D&O insurer must cover payment to settle nurses’ claims alleging conspiracy to depress wages; payment isn’t disgorgement or uninsurable

by Christopher Graham and Joseph Kelly

Michigan encarta map

William Beaumont Hospital v. Federal Ins. Co., Case No. 13-1468 (6th Cir. Jan. 16, 2014) is the latest of numerous cases over many years addressing Loss under a D&O policy. It addresses “disgorgement” under a Loss definition and a narrow Michigan public-policy exception for uninsurable loss.

It involves two nurses purporting to represent a class suing William Beaumont Hospital and other hospitals under the Sherman Act, alleging a conspiracy to hold their wages down. Beaumont paid $11.3 million to settle. Its management liability insurer agreed to pay 80%; but with the right to get it back. After it sued insurer, the Eastern District of Michigan decided there was coverage. So did the Sixth Circuit: The settlement was neither disgorgement nor uninsurable under Michigan public policy, as insurer argued.

The policy included the following Antitrust Claim coverage: “[Insurer] shall pay on behalf of the Insured the Covered Percentage [(80%)] . . . of Loss, including Defense Expenses, from each Antitrust Claim first made against an Insured during the Policy Period.”

As typical, Loss included: “[T]he total amount which any Insured becomes legally obligated to pay on account of each Claim and for all Claims in each Policy Period . . . made against them for Wrongful Acts for which coverage applies, including, but not limited to, damages, judgments, settlements, costs and Defense Costs.” As is common, “Loss” also included “the multiple portion of any multiplied damage award.” As not-as-common: “Solely with respect to any Claim based upon, arising from or in consequence of profit, remuneration or advantage to which an Insured was not legally entitled, the term Loss . . . shall not include disgorgement by any Insured or any amount reimbursed by any Insured Person.”

Compensatory damages versus disgorgement: Insurer argued nurses’ suit “arose from Beaumont’s gaining of profit, remuneration, or advantage to which it was not entitled and the settlement was a disgorgement of that advantage.” Citing Level 3 Commc’ns, Inc. v. Federal Ins. Co., 272 F.3d 908 (7th Cir. 2001), it argued further that “coverage may not exist if payment represents the return of something to which the insured was not entitled, even where the underlying plaintiffs specifically requested damages.”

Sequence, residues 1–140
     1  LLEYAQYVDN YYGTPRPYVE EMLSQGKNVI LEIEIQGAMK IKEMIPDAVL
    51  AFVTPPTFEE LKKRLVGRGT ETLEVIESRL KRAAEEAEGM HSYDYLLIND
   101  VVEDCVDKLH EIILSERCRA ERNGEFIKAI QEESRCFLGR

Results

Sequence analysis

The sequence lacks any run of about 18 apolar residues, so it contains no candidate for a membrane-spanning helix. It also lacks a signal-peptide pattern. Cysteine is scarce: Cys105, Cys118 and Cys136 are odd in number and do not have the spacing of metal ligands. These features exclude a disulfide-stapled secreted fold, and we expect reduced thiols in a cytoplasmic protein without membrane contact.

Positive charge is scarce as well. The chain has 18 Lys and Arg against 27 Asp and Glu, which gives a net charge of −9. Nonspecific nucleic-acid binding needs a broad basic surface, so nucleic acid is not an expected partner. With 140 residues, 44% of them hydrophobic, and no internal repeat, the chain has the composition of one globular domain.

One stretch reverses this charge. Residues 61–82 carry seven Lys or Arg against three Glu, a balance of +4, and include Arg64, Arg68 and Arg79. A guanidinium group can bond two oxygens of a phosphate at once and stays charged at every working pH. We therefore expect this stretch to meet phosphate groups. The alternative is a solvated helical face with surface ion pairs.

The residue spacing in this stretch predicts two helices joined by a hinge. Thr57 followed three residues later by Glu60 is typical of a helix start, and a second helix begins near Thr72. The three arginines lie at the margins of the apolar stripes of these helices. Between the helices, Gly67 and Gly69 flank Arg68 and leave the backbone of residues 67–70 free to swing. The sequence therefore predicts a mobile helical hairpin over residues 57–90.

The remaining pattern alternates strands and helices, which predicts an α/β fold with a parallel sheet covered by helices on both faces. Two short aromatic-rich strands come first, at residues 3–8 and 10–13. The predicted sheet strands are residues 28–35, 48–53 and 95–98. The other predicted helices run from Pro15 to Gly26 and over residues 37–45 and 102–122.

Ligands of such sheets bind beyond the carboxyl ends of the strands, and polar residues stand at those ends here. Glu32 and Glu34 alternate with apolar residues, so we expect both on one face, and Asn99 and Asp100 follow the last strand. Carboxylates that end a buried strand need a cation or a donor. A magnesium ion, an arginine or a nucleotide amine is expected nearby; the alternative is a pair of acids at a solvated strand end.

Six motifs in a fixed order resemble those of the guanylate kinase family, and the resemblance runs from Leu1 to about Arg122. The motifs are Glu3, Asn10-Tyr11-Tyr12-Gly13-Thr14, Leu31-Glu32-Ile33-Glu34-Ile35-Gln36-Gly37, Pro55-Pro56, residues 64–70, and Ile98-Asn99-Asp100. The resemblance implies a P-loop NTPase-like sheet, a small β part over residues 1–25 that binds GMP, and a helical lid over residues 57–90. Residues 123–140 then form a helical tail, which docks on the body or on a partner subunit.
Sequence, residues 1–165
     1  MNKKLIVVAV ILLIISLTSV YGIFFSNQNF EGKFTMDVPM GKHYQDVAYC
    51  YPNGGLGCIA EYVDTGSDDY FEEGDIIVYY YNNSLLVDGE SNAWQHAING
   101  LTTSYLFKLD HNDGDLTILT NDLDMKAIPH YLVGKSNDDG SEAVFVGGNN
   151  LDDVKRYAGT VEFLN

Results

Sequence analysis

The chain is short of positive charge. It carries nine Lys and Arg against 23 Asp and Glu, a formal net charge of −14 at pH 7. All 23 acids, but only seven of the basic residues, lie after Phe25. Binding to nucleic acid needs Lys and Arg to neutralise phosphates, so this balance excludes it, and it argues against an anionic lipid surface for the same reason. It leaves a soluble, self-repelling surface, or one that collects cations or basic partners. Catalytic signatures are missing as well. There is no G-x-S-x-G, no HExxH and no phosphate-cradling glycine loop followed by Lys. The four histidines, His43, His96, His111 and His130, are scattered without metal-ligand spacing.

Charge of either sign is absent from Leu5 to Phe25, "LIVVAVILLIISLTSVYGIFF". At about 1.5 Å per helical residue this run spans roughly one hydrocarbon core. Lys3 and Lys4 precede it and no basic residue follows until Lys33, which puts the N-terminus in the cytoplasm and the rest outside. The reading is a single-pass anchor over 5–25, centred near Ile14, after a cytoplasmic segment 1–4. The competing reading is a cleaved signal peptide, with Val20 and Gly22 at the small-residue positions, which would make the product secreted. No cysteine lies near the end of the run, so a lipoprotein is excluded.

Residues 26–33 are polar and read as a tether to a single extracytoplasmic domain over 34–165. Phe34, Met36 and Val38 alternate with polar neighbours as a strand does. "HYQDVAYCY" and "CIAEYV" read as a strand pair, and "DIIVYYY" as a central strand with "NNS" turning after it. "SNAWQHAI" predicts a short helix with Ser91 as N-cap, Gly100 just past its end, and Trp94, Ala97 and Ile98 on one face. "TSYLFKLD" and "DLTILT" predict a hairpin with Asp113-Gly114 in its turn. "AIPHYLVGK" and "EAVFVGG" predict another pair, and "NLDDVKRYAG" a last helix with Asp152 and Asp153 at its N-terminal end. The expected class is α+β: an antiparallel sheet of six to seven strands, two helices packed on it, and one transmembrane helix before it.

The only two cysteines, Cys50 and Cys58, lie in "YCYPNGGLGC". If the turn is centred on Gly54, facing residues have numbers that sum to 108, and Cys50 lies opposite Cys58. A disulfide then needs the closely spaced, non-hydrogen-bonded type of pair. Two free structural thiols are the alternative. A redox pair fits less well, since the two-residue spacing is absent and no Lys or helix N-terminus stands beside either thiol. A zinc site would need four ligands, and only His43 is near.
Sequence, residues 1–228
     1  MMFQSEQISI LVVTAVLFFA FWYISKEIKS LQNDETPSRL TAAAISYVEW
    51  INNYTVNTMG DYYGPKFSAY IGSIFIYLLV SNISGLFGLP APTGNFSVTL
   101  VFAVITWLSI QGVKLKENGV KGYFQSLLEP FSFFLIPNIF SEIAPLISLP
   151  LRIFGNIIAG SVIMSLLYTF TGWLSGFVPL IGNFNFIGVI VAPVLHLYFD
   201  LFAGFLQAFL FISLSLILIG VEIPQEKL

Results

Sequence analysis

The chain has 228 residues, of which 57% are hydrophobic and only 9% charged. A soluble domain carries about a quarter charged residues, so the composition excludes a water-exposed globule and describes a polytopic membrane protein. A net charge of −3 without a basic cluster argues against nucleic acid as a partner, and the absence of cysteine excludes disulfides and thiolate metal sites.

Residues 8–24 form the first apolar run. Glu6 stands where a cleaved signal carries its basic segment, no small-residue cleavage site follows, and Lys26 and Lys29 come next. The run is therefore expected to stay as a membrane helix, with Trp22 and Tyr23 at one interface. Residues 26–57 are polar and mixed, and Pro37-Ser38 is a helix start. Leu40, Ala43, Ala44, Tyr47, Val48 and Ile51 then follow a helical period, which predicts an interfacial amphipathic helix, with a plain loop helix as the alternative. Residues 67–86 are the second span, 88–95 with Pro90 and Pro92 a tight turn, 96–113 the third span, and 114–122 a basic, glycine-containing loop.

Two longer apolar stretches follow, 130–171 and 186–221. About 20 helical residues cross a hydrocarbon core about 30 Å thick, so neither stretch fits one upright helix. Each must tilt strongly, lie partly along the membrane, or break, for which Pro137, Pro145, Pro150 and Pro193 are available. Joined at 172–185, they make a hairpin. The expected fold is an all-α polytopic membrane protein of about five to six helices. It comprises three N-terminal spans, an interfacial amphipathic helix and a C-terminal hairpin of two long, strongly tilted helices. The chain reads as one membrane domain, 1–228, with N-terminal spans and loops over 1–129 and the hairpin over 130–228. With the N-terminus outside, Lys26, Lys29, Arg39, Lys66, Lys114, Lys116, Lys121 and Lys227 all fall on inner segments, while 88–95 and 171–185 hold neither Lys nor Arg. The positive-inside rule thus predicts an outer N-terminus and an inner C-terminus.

Beaumont argued “money unlawfully retained is not the same in its legal character as money wrongfully acquired,” and “money paid to resolve a legal dispute is not necessarily a return of something to which the payor was not legally entitled in the first place.”

The Appeals Court stressed: the Loss exception was for “disgorgement,” not “restitution;” and restitution was used elsewhere in the policy–so insurer “should be aware of the difference between the two terms.”

But that distinction didn’t appear to factor in the court’s decision. The decision instead focused largely on the fact that the nurses sought as damages for the “class” the difference between what the hospitals paid as “artificially depressed” compensation and what should have been paid.

As the Court explained: “Disgorgement and compensatory damages are closely related but not interchangeable.” Per Black’s Law Dictionary, disgorgement is “'[t]he act of giving up something (such as profits illegally obtained) on demand or by legal compulsion.’” Per Webster’s: disgorge means “to give up illicit or ill-gotten gains;” illicit means “not permitted, not allowed, unlawful” and Ill-gotten means “obtains dishonestly or otherwise unlawfully or unjustly.” Gain means “an increase in or addition to what is of profit, advantage, or benefit . . . resources or advantage acquired or increased.” Obtain means “to gain or attain possession or disposal of usually by some planned action or method.”